Category Archives: Toronto
So, I’ll admit it. I’m not the biggest opera fan. I’ve been to two operas in my life, the second one most recently this Fall when I saw the Canadian Opera Company’s (COC) rendition of Madama Butterfly.
My thoughts? Well, it’s not going to pass a Bechdel test anytime soon, but it sure was beautiful, both visually and aurally. I posted that comment to my Twitter account and the COC retweeted me, which I thought was pretty cool of them.
Basically, I have really enjoyed opera. I just don’t know much about it. So when I was asked to report on the COC’s Centre Stage, an Ensemble Studio Competition Gala affectionately referred to as “Opera Idol,” I jumped at the chance. I wanted to hear more opera, and I wanted to possibly bring a younger audience to the genre, through these seven young opera hopefuls vying for a place in the COC Ensemble.
(I did bring a colleague/friend and Opera aficionado to help me out with the more technical bits)
It was an evening of splendour and romance – as the lights dimmed to start the show, I spotted a woman in the balcony reaching over to squeeze her partner’s hand. The seven finalists – narrowed down from a pool of 175 young opera hopefuls – shone among the starry background and lanterns illuminating the stage at the Four Seasons Centre in Toronto, along with the baubles and sparkly dresses donned by the female contestants.
But the greatest moment, for me, was witnessing soprano Adrianne Pieczonka, Canadian opera royalty, perform. When she came onstage, the elderly man sitting beside my friend loudly whispered to his companion, “She’s a lesbian!” before muttering away. My friend started laughing and whispered to me what he said. I really wish I’d been sitting beside him and heard. Because I really hope I would’ve leaned over to him and said, “So am I. You’re surrounded. It’s a conspiracy!”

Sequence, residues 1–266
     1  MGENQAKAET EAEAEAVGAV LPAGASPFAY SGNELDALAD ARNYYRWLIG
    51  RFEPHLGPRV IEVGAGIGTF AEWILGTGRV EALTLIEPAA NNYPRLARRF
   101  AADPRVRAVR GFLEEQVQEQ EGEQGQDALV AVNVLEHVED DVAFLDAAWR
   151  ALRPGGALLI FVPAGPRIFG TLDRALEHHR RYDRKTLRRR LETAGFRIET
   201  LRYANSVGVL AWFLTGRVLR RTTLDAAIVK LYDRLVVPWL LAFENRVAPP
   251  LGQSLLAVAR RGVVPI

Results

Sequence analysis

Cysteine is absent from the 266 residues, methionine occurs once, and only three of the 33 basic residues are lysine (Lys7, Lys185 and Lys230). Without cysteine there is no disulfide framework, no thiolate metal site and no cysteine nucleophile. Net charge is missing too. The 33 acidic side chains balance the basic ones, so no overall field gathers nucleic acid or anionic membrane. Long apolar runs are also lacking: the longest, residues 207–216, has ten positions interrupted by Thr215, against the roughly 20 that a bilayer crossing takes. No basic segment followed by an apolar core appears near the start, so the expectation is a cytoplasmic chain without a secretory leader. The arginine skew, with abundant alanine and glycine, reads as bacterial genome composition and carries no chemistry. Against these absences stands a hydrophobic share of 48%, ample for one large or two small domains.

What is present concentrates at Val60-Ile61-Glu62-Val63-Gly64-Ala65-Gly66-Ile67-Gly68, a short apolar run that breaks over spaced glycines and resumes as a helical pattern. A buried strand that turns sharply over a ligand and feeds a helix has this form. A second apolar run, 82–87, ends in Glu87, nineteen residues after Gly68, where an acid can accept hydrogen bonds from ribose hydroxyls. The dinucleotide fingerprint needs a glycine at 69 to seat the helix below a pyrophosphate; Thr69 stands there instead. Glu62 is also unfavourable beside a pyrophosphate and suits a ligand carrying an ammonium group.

I looked her up later, and she is married to a woman, and they have a daughter. Not that it matters, of course, but as a fellow queer person who still deals regularly with everyday example of homophobia, this little tidbit of information made me love her even more.
Last week, a colleague and I went to a posh DISARONNO event at the Spoke Club on King West. It was my first time at that venue – I’d heard good things, and was expecting some posh-ness.
I was not disappointed.
All the pretty people – I felt a bit out of place, but man those cocktails were good!
Yeah, so I’m going to chime in on this Jian Ghomeshi thing. And look, I don’t know if he’s guilty or innocent, and it’s not my place to determine that. I don’t have the evidence. But what IS bugging me is all the swirling speculation that these women must be lying since they haven’t gone to the police. I understand why they haven’t gone to the police. I was mildly sexually assaulted (I say mildly because it could’ve been a lot worse, it was very quick and over my clothing, but it was still violating and is still an assault) while I was living in London, England, at 9 am on my way to work. I yelled at the guy to “Fuck off!” and whipped myself away from him as he smirked and walked away. I walked in the other direction and promptly burst into tears. And when I called a close female friend, still weeping, what was her comforting response? “It’s no big deal, it’s happened to me. It happens to everyone.”
This is a systemic problem. It’s a political and legal and cultural problem; the conviction rate for sexual assault is abysmally low. Victim-blaming, as we have seen, is rampant. Yet instances of false accusations are statistically quite rare.
Eventually, I was convinced by a lawyer friend to at least report it to the police for statistical purposes. Even though I had no idea what this guy looked like, besides his race and general height – I didn’t get a good look at his face – it could show a pattern in the area. No one answered the phone at the local police station, and that was enough for me to give up and try to forget about it. Because I could envision the response: “What do you want us to do about it? You can’t ID the guy, you’re not physically injured, so why are you calling us? At least you weren’t raped.”
We need to look at the bigger issues – the systemic issues of misogyny and patriarchy and victim-blaming. And yes, while women need to be careful when walking alone at night – or in my case, in the morning – the focus of sexual assault prevention should NOT be on the women who are victims, but on the men who perpetrate.